MLB’s overall attendance has been declining since a 2007 peak. Besides experimenting with rule changes meant to speed up the game and inject more action, MLB is trying “to capture unique opportunities to bring more exposure to our players and appeal to the younger Gen Z and diverse audience,” said Barbara McHugh, MLB’s senior vice president of marketing.
With Gen Z (born after 1997) fan allegiance and viewing habits down across all sports, MLB’s quest to remain relevant remains an almost urgent priority. A Sports Business Journal survey from 2016 showed the average age of an MLB national broadcast viewer to be 57 years old (4 years older than a decade earlier) and 15 years older than an NBA fan, 8 years older than an NHL fan, 7 years older than an NFL fan.
Diversity is no less of a problem. A Morning Consult survey from a year ago showed MLB as having the second-whitest fan base at 60 percent, 1 percent behind the NHL. The Red Sox were tied for second among the 30 teams with a 67 percent white fan base.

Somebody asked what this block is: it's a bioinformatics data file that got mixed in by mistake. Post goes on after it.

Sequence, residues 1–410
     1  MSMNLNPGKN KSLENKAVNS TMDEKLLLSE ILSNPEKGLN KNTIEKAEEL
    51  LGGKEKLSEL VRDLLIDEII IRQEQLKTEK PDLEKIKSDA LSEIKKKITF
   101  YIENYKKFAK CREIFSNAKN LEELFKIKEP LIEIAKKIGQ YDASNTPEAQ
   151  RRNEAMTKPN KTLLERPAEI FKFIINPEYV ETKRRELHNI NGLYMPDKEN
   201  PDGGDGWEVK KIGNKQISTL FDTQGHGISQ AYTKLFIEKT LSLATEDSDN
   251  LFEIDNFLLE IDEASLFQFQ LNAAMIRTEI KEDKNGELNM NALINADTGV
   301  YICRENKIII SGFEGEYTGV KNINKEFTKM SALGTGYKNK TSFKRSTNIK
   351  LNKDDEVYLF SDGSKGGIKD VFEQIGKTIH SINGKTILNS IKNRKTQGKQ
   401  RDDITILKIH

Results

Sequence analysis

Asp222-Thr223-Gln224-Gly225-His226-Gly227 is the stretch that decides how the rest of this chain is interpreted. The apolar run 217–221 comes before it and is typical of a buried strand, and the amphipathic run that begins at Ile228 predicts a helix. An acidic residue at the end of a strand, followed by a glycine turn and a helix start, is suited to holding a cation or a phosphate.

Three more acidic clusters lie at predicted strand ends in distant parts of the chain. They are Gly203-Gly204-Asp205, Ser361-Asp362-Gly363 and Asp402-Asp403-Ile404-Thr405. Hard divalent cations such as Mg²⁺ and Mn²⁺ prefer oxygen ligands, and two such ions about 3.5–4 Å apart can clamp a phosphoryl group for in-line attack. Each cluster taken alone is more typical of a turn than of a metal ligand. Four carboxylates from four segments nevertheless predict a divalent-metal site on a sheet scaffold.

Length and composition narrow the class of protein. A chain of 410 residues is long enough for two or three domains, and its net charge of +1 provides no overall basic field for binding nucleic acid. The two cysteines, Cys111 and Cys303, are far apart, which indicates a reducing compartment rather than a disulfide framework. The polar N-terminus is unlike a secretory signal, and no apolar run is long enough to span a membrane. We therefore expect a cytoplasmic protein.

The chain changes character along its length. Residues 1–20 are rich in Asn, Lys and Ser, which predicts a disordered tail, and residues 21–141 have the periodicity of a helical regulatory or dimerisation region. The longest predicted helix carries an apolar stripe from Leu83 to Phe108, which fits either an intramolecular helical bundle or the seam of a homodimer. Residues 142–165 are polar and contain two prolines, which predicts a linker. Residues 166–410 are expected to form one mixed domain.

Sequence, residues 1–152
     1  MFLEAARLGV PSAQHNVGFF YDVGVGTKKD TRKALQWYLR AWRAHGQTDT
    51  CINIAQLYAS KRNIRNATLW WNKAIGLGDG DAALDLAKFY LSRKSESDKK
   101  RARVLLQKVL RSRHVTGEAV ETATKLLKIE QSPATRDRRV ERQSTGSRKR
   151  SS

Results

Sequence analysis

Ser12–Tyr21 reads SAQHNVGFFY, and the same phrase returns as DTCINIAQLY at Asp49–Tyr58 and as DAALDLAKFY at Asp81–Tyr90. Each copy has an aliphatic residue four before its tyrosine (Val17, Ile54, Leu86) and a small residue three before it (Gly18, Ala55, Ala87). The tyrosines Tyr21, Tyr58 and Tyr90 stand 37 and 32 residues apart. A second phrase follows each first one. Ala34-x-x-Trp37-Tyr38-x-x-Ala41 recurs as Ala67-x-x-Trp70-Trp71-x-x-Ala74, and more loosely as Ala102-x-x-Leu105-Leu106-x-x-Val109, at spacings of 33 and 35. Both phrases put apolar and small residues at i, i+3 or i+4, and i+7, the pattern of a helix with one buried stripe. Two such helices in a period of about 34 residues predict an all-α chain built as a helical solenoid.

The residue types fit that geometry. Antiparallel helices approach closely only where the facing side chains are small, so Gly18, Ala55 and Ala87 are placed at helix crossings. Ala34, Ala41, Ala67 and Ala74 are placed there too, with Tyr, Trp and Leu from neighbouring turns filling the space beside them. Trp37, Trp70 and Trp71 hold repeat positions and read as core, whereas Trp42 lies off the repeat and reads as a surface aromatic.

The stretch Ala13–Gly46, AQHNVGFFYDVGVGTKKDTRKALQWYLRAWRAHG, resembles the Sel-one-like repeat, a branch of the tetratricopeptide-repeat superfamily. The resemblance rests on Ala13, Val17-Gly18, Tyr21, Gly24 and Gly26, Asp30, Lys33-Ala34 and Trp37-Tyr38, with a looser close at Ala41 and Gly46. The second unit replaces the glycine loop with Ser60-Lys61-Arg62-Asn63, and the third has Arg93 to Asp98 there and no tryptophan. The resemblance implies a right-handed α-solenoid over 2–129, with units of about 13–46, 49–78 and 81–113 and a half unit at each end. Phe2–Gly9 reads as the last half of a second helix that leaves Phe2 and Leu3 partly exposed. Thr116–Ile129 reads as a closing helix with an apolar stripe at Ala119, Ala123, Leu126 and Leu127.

Starr has barely aged out of Gen Z but still very much sits in the sweet spot that not only MLB but the Red Sox want to reach. She’s more than ready to embrace a winning team again. But her wounded feelings and skeptical perspective make it plain that winning won’t solve everything.
“The Mookie thing — they really actually lost a lot of fans,” Starr said. “I think to some level they know; I’m not sure how much they care. It’s the ‘you’ve got to break a couple eggs to make an omelette’ kind of thing, but there are people who legit said, including people in my own life, ‘I will never forgive them for this.’ This is Babe Ruth 2.0 to them.
“People say winning will erase all that pain. People tell me when Chaim Bloom wins a World Series, you’ll forget all that. I won’t. I’ll be thrilled, but the way it had to happen was still really painful to experience.”
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Michael Silverman can be reached at firstname.lastname@example.org.